According to one aspect of the invention, a wafer is polished using one set of polishing parameters, and a first polishing result can then be determined. The wafer is then polished using a second set of polishing parameters, wherein at least one of the first polishing parameters has been changed, and a second polishing result can be determined. The first and second polishing results can then be analyzed to determine an optimized set of polishing parameters. A second wafer can then be polishing using the optimized set of polishing parameters.
FIG. 1 is a perspective view of a system for polishing a wafer of a first preferred embodiment.
FIG. 2 is side view of the system of FIG. 1.
FIG. 3 is side view of a section of a polishing pad of a first preferred embodiment.
FIG. 4 is side view of a section of a polishing pad of a second preferred embodiment.
FIG. 5 is a flow chart of a method of optimizing a polishing process of a first preferred embodiment.
Referring now to FIGS. 1 and 2, a belt-type polisher 10 for use in the present invention is shown. One example of a suitable belt-type polisher is the TERESTM polisher available from Lam Research Corporation of Freemont, California. The belt-type polisher 10 is utilized to polish a semiconductor wafer 12 to remove materials from the surface of the wafer. The belt-type polisher 10 comprises a polishing pad 14 which moves in a linear direction 20 with respect to the surface of the wafer 12. The polishing pad 14 is a continuous belt rotating about rollers or spindles 16, 18, which are driven by a motor that causes the rollers to rotate. The wafer 12 can be supported by a wafer carrier 22 and is positioned so that the surface of the wafer comes into contact with the surface of the polishing pad 14. The movement of the polishing pad 14 removes material from the surface of the wafer 12. The material being removed from the surface of the wafer 12 can be the substrate material of the wafer itself or one of the layers formed on the substrate. Such formed layers include dielectric materials such as silicon dioxide, metals such as aluminum, copper or tungsten, metal alloys or semiconductor material such as silicon or polisilicon.
A slurry dispenser 24, can be used to dispense a slurry 26 onto the polishing pad 14. The slurry 26 is disposed between the wafer 12 and the polishing pad 14 and enhances the polishing of the wafer 12. A platen 28 can also be used to support the underside of the polishing pad 14. A primary purpose of the platen 28 is to provide a supporting platform on the underside of the polishing pad 14 to produce pressure that holds the polishing pad 14 against the wafer 12. Typically, the wafer carrier 22 is pressed downward against the polishing pad 14 with a force. Since the polishing pad 14 is flexible and will depress when the wafer 12 is pressed downward onto the polishing pad 14, the platen 28 provides a counteracting force to this downward force. Although the platen 28 can be a solid platform, a fluid type platen can also be used. One example of such a platen is described in U.S. Pat. No. 5,558,568, which is incorporated by reference.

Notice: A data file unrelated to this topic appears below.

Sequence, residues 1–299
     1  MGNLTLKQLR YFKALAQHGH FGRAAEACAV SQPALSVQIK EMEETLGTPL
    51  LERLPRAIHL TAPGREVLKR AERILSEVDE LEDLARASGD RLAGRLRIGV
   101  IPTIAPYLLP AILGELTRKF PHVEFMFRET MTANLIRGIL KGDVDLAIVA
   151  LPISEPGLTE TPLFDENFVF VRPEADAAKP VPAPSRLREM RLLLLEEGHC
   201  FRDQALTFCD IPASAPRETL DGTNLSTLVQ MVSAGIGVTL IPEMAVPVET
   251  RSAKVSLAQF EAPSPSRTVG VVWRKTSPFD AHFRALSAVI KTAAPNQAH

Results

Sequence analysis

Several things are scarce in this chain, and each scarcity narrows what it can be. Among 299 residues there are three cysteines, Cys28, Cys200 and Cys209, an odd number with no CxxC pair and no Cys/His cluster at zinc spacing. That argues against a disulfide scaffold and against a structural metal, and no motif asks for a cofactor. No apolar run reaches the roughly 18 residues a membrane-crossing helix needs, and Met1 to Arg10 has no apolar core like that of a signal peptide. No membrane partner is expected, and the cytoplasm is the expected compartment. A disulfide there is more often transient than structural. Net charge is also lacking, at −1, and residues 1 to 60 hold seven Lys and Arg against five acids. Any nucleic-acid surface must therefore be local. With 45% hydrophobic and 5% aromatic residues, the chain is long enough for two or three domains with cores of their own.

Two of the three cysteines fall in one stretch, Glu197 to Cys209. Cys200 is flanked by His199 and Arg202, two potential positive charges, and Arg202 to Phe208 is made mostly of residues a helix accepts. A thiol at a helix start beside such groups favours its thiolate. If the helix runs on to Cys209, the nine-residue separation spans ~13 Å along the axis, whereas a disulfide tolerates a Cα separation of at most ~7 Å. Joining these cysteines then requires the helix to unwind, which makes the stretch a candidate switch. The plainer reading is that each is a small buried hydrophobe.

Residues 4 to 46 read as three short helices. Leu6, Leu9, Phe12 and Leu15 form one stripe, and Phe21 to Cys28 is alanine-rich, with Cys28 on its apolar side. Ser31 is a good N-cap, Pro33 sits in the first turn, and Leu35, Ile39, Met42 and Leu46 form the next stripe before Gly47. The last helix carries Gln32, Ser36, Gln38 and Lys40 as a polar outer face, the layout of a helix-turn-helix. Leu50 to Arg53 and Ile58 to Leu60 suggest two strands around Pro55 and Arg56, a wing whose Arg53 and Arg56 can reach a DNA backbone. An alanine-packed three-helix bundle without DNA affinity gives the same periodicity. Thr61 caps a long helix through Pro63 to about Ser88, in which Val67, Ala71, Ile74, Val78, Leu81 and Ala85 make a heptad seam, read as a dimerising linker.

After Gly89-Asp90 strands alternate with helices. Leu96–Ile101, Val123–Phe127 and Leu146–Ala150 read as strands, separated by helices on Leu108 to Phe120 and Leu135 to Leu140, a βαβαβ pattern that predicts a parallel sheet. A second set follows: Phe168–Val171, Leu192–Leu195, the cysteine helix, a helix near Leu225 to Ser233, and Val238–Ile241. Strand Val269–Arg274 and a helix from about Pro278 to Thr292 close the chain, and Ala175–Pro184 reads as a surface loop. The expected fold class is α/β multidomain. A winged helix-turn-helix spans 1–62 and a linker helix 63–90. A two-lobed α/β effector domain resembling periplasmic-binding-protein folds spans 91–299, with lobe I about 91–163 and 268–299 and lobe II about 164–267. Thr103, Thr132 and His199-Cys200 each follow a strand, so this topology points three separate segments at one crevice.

The wafer 12 preferably comprises a portion of semiconductor material. The wafer 12 can comprise a blanket wafer, which has no pattern formed therein. Alternatively, the wafer 12 can comprise a pattern wafer that has one or more patterns of circuits formed within the wafer 12. In a pattern wafer, the circuits can be evenly or unevenly distributed throughout the wafer. Thus, the number of circuits present within a given section of the wafer, commonly known as the pattern density, can vary. As discussed below, the number of circuits present in the wafer 12 and the pattern density of the wafer 12 can affect the polishing of the wafer 12.
The polishing pad 14 can comprise different constructions, different hardnesses, and different stiffnesses. For example, the polishing pad 14 is preferably constructed from a polyurethane based polishing material 40, such as closed cell polyurethane, that is formed in a linear belt around a steel belt 42, as shown in FIG. 3. One suitable closed cell polyurethane material is IC 1000, which is available from Rodel. Alternatively, the polishing pad 14 can be constructed from a plurality of layers of material 44, 46, such as closed cell polyurethane over spongy or felt-like polyurethane, formed around a steel belt 42, as shown in FIG. 4. One suitable felt-like polyurethane material is the 817 pad available from Thomas West. A polishing pad that includes both a closed cell polyurethane and a spongy or felt-like polyurethane material is commonly referred as a stacked pad.
The hardness and stiffness of the polishing pad 14 can also vary. The material from which the polishing pad 14 is constructed often affects the hardness and the stiffness of the polishing pad 14. For example, a polishing pad constructed from a single material, such as the one shown in FIG. 3, tends to be harder and stiffer than a polishing pad constructed from a plurality of materials, such as the one shown if FIG. 4. While the hardness and the stiffness of the pad can be related, they can vary independently from one another. Also, the groove pattern formed in the pad can be altered. The number of grooves, width of grooves, space between grooves, and orientation of grooves can all be altered.